Copyright Matters! Some Key Questions & Answers for Teachers. 3 rd. Edition Wanda Noel & Jordan Snel, Barristers and Solicitors

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1 Copyright Matters! Some Key Questions & Answers for Teachers 3 rd Edition Wanda Noel & Jordan Snel, Barristers and Solicitors

2 2012 Council of Ministers of Education, Canada Canadian School Boards Association Canadian Teachers Federation This document may be freely reproduced without obtaining the permission of the authors, provided that no changes whatsoever are made to the text. Available at and ISBN:

3

4 TABLE OF CONTENTS 1. What is the purpose of this booklet? Why is copyright important? What is fair dealing? Can a teacher copy for instruction? Can a teacher copy for tests and examinations? Can teachers and students use statutes, regulations, and court decisions? What rights do students with perceptual disabilities have? What rights do school libraries have? Can teachers play a sound recording or turn on a radio for students to listen to, or turn on a television for students to watch? Can students perform a work protected by copyright, such as a play, on school premises? Can teachers copy or print musical scores without the copyright owner s permission? Can music be performed without the copyright owner s permission? Can students and teachers use copyright-protected works to create new works? Can teachers copy news and news-commentary programs from radio or television? Can teachers copy radio and television programs that are not news or news commentary?... 13

5 16. Can teachers show an audiovisual work (such as a DVD or video) on school premises without infringing copyright? Can teachers copy an audiovisual work at home and show it in the classroom? Can lessons be streamed live to students or recorded and made available on-line for students at a time of their choosing? Can teachers copy computer software for educational use? Can teachers and students copy from the Internet? Can teachers and students break digital locks to use copyright-protected materials they have the legal right to use? Are student-created works protected by copyright? Where can I get more information on copyright?... 20

6 Introduction The publication of this 3 rd Edition of takes into account key changes that have occurred in the area of copyright since the 2 nd Edition, published in Copyright law continues to evolve in response to existing and emerging technologies, international agreements, and the need for reasonable balance between users and creators of copyright-protected works. We hope that teachers will continue to find this edition of a valuable tool in acquainting themselves with basic copyright rules. This booklet is a starting point for increasing the awareness of your rights and obligations, as a teacher, in selecting and using copyright-protected materials at your educational institution. The authors have sought to simplify a very complex subject. The booklet is not a substitute for legal advice, which should be sought in cases where the application of general principles is unclear.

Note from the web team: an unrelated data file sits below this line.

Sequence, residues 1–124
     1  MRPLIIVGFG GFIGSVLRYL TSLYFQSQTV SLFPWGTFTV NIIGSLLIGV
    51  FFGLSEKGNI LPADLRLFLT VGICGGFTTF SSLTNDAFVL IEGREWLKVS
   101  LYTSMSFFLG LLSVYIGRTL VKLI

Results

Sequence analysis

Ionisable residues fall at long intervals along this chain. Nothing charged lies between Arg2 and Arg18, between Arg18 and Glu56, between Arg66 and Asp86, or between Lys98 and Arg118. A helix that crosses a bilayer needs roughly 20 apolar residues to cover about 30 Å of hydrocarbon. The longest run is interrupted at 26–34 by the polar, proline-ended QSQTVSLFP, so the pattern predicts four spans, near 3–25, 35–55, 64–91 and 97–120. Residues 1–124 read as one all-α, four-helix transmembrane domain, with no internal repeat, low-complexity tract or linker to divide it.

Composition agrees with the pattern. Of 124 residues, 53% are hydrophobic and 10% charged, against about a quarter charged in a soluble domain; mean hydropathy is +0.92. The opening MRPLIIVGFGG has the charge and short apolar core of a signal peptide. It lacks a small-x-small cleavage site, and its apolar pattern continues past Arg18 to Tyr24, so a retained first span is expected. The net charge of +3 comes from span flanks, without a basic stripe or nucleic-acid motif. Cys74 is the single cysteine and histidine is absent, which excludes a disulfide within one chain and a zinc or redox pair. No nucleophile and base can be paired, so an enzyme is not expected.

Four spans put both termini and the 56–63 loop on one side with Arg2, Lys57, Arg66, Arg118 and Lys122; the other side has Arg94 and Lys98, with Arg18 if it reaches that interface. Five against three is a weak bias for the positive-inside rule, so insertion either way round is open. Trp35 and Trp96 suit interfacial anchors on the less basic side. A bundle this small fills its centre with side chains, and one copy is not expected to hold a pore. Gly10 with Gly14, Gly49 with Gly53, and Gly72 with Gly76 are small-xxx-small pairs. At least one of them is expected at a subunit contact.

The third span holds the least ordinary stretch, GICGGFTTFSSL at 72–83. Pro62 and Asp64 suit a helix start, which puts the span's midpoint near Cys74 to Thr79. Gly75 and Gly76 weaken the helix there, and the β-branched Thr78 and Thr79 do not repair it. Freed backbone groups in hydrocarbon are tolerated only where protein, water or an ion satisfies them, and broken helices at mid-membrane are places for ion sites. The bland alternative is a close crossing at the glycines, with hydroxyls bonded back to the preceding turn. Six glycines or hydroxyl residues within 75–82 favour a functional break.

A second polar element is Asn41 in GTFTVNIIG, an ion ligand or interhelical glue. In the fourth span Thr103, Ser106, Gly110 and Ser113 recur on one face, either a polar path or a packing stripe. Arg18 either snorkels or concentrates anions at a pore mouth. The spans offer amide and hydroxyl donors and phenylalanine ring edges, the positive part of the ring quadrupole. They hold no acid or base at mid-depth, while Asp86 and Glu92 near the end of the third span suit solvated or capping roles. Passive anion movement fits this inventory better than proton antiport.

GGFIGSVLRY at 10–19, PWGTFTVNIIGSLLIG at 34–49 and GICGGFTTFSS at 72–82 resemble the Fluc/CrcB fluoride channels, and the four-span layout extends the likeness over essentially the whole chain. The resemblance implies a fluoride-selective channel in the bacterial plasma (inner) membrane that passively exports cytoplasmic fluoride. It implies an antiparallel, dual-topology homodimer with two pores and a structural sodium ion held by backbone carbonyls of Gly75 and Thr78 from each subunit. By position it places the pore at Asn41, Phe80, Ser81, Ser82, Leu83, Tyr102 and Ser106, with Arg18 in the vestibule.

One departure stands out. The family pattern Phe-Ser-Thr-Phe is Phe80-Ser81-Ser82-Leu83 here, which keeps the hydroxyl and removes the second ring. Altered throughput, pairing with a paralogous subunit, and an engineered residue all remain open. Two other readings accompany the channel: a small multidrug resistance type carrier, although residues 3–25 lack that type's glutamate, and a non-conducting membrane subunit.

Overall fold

7 1. What is the purpose of this booklet? This booklet gives teachers user-friendly information on copyright law, covering items from the Canadian Copyright Act and its regulations, contractual and tariff arrangements with copyright collectives, and court decisions. This booklet is available in print and on-line. The on-line version will be updated as changes in the copyright law take place. It provides information about copyright law and copyright collectives and how they relate to the use of resources on and off school premises. More detailed information is available from many printed sources, from the Internet, and from your ministry or department of education. A list of sources appears at the end of this booklet. Education departments and ministries, as well as school boards across the country, encourage awareness of and respect for copyright in our education systems. 2. Why is copyright important? Just as you would want to protect anything that you own, creators want to protect their works. As students, we were all taught the value of original thinking and the importance of not plagiarizing the works of others. Since teachers use copyright-protected materials as well as educate the copyright owners and users of tomorrow, they have a unique responsibility to set the right example. The works of others should not be used without their permission unless the use is permitted by the Copyright Act. Teachers must be cognizant of the copyright status of resource materials in their possession. 1